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Developmental Performance of the Milfoil Weevil, Euhrychiopsis lecontei (Coleoptera: Curculionidae), on Northern Watermilfoil, Eurasian Watermilfoil, and Hybrid (Northern × Eurasian) Watermilfoil

Sarah S. Roley, Raymond M. Newman
DOI: http://dx.doi.org/10.1603/0046-225X-35.1.121 121-126 First published online: 1 February 2006


Eurasian watermilfoil (Myriophyllum spicatum L.) is a non-native, aquatic, invasive species common throughout North America. The native aquatic milfoil weevil (Euhrychiopsis lecontei Dietz), whose natural host is the native northern watermilfoil (Myriophyllum sibiricum Komarov), has expanded its range to include M. spicatum. Previous studies show that it prefers the non-native Eurasian watermilfoil over native watermilfoils for feeding and oviposition. Previous studies also suggest that milfoil weevils that develop on M. spicatum have shorter development times and a greater mass. Eurasian watermilfoil and northern watermilfoil have hybridized, and hybrids can be more invasive than their parent species. One hypothesized mechanism for increased invasiveness in the hybrid watermilfoil is resistance to the milfoil weevil. To test for resistance, we compared development times, mass, and survival of the milfoil weevil reared on Eurasian, northern, and the Eurasian × northern hybrid watermilfoils. We followed weevil development from egg to adult on individual rooted plants (n = 17–20 for each taxon) in laboratory experiments at 26°C. Neither development times (total and individual stages) nor adult eclosion mass were significantly different among hosts. Mean development time from egg to adult ranged from 19.7 to 20.3 d, and mean mass ranged from 1.3 to 1.5 mg. Weevil survival rates differed significantly among the taxa and were lowest on northern watermilfoil (45%), intermediate on the hybrid (61%), and highest on Eurasian watermilfoil (88%), but stem diameter may account for some of these differences. This study suggests that hybrid watermilfoil is not exceptionally resistant to milfoil weevil herbivory but rather possesses resistance intermediate between the native and exotic hosts.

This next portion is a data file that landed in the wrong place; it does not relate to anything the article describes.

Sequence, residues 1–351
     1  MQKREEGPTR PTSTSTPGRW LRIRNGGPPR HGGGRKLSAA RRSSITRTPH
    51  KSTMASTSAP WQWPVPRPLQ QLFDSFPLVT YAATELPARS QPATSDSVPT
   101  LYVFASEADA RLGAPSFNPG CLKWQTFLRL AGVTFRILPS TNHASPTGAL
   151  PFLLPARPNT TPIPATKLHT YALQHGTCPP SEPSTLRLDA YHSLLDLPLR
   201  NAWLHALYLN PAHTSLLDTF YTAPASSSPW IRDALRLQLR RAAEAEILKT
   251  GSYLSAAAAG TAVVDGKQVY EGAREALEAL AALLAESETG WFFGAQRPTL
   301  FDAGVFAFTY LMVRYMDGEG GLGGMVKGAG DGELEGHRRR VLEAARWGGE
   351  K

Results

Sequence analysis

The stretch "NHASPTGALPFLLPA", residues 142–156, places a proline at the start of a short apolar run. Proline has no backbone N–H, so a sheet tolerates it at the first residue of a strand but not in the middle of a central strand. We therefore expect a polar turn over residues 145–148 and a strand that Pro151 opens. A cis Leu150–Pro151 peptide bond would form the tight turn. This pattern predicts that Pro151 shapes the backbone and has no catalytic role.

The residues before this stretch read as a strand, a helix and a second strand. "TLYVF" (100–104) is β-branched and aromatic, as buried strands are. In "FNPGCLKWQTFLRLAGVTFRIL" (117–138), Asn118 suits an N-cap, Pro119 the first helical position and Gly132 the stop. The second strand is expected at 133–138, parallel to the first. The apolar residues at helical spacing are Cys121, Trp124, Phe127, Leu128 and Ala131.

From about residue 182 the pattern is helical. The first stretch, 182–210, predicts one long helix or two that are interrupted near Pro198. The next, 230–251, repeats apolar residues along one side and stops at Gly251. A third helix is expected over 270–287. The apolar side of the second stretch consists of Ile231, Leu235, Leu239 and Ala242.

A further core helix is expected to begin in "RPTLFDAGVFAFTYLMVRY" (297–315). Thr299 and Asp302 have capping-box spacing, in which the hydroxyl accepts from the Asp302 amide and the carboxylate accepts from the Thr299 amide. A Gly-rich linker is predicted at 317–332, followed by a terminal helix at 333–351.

• Euhrychiopsis lecontei
  • watermilfoil
  • development time
  • hybrid herbivory
  • insect performance

Host range expansion of herbivores to introduced species has been well documented (Solarz and Newman 1996,2001, Trowbridge and Todd 2001, Siemann and Rogers 2003). This range expansion can lead to greater herbivore fitness-faster development, larger size, and greater fecundity (Sheldon and Jones 2001, Trowbridge and Todd 2001). Herbivore host range expansion can also occur with the appearance of hybrid plant species (Fritz et al. 1994,1999, Whitham et al. 1999). Herbivore response to hybrids is variable and depends on hybrid generation (e.g., F1, F2, backcrossed), number of genes that confer resistance, expression of secondary chemicals, and environmental variability (Fritz et al. 1994, Whitham et al. 1999, Orians 2000).